A recent Inc. magazine article took aim at the conventional wisdom that people at work shouldn't get entangled in romantic relationships -- especially bosses and subordinates. There's some logic in the warning: If things go sour, there may be accusations of sexual harassment, and even if things go well, other employees might not feel comfortable.
But there's also logic in accepting and seeking out workplace romances. Some points made by Inc.:
- A survey by the American Management Association reports that nearly a third of managers have dated someone from work. Among those relationships, some 44% led to marriage and another 23% to long-term commitments.
- According to a study by the American Psychological Association, only 1% of harassment claims are bogus. This should encourage those who worry about being the target of unfounded claims. (It's speculated that the number is so low because of the risks involved in making a claim, even a truthful one.)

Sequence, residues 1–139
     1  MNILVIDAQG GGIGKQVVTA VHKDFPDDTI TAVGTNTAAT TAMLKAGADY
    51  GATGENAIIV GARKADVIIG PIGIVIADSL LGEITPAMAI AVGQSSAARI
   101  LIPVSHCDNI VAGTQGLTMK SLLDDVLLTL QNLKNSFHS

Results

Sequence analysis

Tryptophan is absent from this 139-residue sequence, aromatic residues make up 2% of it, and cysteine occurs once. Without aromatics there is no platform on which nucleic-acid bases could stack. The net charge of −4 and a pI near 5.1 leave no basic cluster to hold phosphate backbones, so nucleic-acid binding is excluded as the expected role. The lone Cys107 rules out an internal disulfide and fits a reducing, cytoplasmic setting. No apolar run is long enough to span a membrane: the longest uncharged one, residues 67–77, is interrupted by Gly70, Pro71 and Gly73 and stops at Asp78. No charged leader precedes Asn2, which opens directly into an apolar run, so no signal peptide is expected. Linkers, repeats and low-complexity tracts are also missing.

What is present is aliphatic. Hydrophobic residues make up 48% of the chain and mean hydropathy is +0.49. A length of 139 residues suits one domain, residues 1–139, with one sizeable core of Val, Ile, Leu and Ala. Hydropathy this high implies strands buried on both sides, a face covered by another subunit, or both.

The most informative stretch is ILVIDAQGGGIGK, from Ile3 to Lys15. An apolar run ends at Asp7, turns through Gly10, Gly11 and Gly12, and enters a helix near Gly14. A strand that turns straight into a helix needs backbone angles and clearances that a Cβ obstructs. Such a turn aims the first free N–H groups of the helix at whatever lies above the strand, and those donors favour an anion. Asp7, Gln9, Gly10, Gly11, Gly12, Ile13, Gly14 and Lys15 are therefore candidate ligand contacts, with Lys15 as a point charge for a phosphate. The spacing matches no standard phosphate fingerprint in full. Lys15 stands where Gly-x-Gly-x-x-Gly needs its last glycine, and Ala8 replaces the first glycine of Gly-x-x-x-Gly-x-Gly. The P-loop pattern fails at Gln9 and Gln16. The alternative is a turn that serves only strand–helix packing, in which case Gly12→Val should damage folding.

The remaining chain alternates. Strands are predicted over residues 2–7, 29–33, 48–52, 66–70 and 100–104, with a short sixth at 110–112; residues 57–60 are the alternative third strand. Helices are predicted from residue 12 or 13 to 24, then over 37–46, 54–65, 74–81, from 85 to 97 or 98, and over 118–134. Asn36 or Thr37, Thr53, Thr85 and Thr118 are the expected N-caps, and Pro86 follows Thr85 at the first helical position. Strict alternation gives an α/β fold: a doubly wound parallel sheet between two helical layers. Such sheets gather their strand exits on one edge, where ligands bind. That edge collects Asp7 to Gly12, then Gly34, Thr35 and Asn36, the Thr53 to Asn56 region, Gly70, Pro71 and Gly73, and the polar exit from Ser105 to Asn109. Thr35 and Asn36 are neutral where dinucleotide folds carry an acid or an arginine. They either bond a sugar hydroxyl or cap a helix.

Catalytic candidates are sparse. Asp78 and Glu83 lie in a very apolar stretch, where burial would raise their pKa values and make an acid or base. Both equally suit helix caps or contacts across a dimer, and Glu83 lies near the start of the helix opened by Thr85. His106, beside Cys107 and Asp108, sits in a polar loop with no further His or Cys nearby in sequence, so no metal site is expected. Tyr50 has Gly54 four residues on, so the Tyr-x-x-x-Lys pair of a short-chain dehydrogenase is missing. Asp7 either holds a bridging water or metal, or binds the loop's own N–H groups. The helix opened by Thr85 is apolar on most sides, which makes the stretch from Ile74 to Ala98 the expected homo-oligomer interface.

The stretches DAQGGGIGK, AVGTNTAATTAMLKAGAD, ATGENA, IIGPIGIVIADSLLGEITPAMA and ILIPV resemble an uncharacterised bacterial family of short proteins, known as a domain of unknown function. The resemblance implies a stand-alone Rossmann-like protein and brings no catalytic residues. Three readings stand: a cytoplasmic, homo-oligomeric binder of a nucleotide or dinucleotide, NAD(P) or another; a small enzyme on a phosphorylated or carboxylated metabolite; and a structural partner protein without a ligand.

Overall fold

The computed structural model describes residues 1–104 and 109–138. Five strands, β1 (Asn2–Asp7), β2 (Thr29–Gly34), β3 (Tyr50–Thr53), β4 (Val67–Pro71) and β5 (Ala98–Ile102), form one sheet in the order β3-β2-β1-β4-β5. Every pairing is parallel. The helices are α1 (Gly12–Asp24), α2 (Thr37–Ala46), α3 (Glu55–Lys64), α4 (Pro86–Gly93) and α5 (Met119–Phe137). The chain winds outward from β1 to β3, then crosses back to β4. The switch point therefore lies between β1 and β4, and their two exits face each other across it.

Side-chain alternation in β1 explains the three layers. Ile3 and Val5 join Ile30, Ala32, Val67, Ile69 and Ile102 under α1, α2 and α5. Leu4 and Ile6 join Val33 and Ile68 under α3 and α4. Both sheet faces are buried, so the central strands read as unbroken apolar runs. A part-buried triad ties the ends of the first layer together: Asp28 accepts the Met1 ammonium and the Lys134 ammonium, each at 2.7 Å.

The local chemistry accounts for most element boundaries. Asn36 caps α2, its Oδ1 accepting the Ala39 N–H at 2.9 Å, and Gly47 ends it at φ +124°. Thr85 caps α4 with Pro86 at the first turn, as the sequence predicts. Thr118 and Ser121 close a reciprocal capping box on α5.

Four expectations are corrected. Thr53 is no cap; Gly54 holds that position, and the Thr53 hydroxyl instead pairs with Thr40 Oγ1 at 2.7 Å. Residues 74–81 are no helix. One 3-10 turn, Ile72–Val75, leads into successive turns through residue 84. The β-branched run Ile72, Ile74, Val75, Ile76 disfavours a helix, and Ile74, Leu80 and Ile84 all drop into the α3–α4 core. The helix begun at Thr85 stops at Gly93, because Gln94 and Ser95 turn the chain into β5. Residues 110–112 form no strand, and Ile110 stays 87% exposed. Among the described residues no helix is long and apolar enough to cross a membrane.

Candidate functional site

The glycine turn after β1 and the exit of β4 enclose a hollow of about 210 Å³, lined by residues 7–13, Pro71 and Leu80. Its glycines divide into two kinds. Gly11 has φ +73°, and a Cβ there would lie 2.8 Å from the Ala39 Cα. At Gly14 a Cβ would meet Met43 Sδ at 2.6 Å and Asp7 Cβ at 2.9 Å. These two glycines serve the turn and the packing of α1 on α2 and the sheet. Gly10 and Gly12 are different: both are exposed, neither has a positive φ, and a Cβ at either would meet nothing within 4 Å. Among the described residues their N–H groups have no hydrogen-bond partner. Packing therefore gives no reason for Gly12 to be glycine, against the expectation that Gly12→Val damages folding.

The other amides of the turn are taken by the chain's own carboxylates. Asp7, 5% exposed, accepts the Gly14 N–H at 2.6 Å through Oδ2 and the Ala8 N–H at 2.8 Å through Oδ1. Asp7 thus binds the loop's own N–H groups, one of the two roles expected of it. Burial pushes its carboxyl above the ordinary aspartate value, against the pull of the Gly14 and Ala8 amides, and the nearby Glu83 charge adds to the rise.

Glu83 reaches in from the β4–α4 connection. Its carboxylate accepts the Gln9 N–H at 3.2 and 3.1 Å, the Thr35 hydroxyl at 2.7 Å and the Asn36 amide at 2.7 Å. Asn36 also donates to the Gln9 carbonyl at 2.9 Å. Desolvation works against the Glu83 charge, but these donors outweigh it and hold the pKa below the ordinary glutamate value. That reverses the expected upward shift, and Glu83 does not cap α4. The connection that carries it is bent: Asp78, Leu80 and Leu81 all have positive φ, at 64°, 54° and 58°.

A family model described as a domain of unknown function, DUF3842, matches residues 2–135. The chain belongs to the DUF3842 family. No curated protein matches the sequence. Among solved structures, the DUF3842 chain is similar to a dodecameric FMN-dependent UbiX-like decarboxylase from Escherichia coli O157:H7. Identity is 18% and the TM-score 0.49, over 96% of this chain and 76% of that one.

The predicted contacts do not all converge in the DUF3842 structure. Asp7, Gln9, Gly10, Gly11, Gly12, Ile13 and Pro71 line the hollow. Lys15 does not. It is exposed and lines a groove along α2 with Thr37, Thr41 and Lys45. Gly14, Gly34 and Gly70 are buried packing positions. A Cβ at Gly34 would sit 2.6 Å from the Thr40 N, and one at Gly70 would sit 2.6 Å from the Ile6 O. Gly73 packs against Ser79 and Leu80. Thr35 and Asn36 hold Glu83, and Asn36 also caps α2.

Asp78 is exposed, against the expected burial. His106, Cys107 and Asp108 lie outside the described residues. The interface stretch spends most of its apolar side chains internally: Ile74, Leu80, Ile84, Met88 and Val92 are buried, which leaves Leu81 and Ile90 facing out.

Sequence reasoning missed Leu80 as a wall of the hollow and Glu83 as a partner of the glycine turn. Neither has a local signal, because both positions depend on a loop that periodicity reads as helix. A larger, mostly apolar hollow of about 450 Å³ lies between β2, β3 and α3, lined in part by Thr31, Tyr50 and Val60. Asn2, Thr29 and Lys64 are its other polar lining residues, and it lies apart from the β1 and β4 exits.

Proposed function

- Mari Florence, author of Sex at Work: Attraction, Harassment, Flirtation, and Discrimination, notes that the office is one of the most "natural" places to find love. "The people you meet at the office are often more compatible. They have similar hopes and dreams."
- Entrepreneurs and others who work long hours will often find love at their workplace or not at all, since most of their waking hours are spent at work.
- While dating may be OK, mere flings can be destructive. And if someone keeps saying no, that should mean no. Otherwise, it's harassment.
- One last piece of advice: "Fall in love with someone who's really good at his or her job. Then no one's going to question why this person is getting promotions."
Inc. also notes the example of The Princeton Review
Once you're paired up with someone, don't neglect your financial future together. Learn more in Dayana Yochim 's book, Couples & Cash: How to Handle Money With Your Honey .
Longtime Fool contributor Selena Maranjian owns shares of Microsoft.